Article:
Tuesday, February 18, 2014

Technology and Coaching

It's no secret that we live in a technology driven world. We all walk around with little mini-computers in our pocket that ensure we can find the nearest coffee shop or check the thermostats in our homes. Hell, I have a 5-dollar application on my iphone that gives me all of the capabilities of a program that normally costs a thousand bucks and be otherwise unavailable to someone like me (people sans wealth).

Needless to say, technology does a lot of amazing things. It increases the amount of information we have available to us, helps with the speed with which we learn certain things and gives us constant access to things that make us happy, like movies and music.

It's also been a part of strength and conditioning/fitness for a very long time now too. Some of the earliest examples are things like heart rate monitors, GPS watches and pedometers; nowadays we use electronic communication for distance coaching have websites that act as training logs so we don't have to carry pens and notebooks everywhere. But the newest advances are going above and beyond what we would even think is possible.

Simple devices like the Nike+ FuelBand, FitBit and Jawbone can be worn on the wrist and will track all of your activity, the intensity, your calories in vs. calories out and even your sleep rhythms. These aren't products being worn exclusively by elite athletes, these are available to anyone with a couple of hundred extra dollars.

Even beyond that, we have giant performance monitoring systems. Systems like HRV/Ithlete, Zephyr, Edge10 and Kinetic-Athlete essentially plug your athletes into the computer. You can monitor dozens of athletes at once and have every aspect of their training and performance loaded into a computer and analyzed for you. You can get readouts for heart rate (variability and recovery), blood pressure, intensity, acceleration, sport load, core temp, respiration rate even their supplementation, nutrition and schedule. Literally every aspect of training and performance.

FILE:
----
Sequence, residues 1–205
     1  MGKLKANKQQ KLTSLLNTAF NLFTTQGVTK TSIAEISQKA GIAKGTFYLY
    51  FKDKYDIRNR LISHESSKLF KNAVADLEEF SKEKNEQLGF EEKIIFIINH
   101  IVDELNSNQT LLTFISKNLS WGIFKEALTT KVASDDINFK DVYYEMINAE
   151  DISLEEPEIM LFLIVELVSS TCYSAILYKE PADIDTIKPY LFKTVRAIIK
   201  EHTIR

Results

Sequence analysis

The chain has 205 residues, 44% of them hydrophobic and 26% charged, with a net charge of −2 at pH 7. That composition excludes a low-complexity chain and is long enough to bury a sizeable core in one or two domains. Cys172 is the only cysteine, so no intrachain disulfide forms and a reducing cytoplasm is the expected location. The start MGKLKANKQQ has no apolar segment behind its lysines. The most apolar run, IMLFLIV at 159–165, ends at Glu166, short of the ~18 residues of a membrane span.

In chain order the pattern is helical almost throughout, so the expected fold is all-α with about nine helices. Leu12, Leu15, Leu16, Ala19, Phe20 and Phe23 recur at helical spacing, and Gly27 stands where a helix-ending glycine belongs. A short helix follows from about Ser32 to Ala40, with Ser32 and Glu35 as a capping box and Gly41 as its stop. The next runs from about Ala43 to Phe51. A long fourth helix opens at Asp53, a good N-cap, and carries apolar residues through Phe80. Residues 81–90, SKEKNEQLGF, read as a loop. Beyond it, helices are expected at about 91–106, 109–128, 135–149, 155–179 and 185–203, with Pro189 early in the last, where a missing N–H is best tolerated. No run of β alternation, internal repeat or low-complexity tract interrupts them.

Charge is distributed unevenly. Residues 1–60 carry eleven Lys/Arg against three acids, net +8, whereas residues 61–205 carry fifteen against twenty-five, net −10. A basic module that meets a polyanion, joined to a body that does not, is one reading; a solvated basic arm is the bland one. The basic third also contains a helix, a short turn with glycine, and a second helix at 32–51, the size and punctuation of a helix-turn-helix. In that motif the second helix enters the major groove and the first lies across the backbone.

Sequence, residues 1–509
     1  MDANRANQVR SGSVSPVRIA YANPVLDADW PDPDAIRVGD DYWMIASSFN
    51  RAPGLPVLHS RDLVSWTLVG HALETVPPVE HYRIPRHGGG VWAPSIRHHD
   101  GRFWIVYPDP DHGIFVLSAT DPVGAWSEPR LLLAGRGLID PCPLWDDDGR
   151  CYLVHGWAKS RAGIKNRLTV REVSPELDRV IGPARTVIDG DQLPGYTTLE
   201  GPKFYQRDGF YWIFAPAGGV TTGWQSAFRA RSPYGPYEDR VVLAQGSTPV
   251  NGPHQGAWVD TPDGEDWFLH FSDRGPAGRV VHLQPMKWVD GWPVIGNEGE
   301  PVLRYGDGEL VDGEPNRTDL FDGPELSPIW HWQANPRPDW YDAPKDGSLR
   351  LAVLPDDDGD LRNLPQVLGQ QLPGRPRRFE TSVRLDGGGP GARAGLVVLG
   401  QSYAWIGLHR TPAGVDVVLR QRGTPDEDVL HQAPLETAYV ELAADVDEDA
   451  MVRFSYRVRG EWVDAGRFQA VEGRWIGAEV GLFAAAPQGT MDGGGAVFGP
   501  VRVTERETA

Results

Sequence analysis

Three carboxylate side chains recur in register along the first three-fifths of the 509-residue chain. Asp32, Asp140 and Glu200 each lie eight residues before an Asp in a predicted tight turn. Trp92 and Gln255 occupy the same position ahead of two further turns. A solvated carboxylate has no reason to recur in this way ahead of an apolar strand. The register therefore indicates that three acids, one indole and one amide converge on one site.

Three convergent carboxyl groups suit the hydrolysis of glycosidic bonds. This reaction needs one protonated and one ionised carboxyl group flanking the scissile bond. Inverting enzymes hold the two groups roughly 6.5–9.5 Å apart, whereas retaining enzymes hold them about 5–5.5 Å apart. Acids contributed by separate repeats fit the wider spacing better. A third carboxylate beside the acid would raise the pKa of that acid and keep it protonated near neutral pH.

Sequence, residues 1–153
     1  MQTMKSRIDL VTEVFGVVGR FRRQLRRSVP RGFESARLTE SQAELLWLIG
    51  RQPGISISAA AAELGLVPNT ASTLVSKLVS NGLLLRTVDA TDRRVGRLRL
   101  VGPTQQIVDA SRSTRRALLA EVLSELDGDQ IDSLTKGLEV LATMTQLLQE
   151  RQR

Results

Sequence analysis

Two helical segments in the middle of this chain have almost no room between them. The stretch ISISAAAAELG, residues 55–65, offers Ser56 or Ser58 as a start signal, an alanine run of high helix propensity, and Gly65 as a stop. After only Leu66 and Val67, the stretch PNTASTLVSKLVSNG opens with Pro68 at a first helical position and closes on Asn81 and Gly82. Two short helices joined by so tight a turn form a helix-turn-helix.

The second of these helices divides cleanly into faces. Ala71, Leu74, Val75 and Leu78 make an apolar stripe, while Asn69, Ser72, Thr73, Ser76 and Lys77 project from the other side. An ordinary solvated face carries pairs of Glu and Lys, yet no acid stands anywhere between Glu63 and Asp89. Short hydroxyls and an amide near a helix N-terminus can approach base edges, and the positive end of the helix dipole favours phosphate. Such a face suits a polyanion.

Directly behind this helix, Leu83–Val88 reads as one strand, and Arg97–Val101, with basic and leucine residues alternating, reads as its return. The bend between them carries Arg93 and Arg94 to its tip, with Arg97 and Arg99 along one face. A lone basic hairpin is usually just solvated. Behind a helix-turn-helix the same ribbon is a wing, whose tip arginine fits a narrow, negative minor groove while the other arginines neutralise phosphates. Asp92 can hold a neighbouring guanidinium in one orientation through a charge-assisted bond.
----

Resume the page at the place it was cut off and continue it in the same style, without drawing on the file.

While I can really understand the application of products like these and how they can benefit athletes, I still don't like it. What happened to being a coach? What happened to the days of talking to your athletes and finding out how they are feeling, reading their body language and watching how they perform during their practices and training sessions. When I was in training in Boston, I knew all of my clients so well that I could see them walk into the gym each day and know what kind of session they were going to give me. Same with the athletes at BU; there would be days when they come bopping into the gym ready to go and there would be days where they would be dragging their feet. Could I give you an hard number of what their sport load had been that week, or what their heart rate variability was from the day before? Nope, but who truly cares about that? The number of athletes in this world that are so dialed in with their training and lifestyle that truly NEED a system like any of these is pretty low. We aren't even talking about all professional athletes or all Olympic athletes; there's probably only a handful of athletes in specific sports who could truly benefit from all of this knowledge about their bodies. Does a pitcher in baseball need to know? Sure as hell not. Nor does a wide receiver or a figure skater. Maybe cross country skiers, distance runners and cyclists (this includes triatheltes); essentially sports where the demands of the sport are so taxing on your neurological and hormonal systems that you're most often on the edge of over-training. I truthfully can't see too many team sports that I think could seriously benefit from these things.

These products are all being scooped up by pro teams and top ranked Universities, too. If the trend in strength and conditioning continues on the road that it's headed with products like these, then there will eventually be no need for real coaches. Schools will be able to plug athletes into computers and get programs printed out from excel that correlate to all of that data. Some exercise physiology turds will be sitting at computers creating freaks like in Rocky 4. There's always a time and a place for things, it's true, but the time and place for most systems like this is pretty rare.

I'm a coach. It's what I like to do, and I'm pretty good at it, I think. It's an art (not a science) that I've learned from some studying some pretty great coaches; guys like Cressey, Gentilcore, Dan John and Mike Robertson. The secret to success in a training program is not really a secret: train hard, eat more, sleep more, suck less.

Have a great day, go lift some heavy shit!

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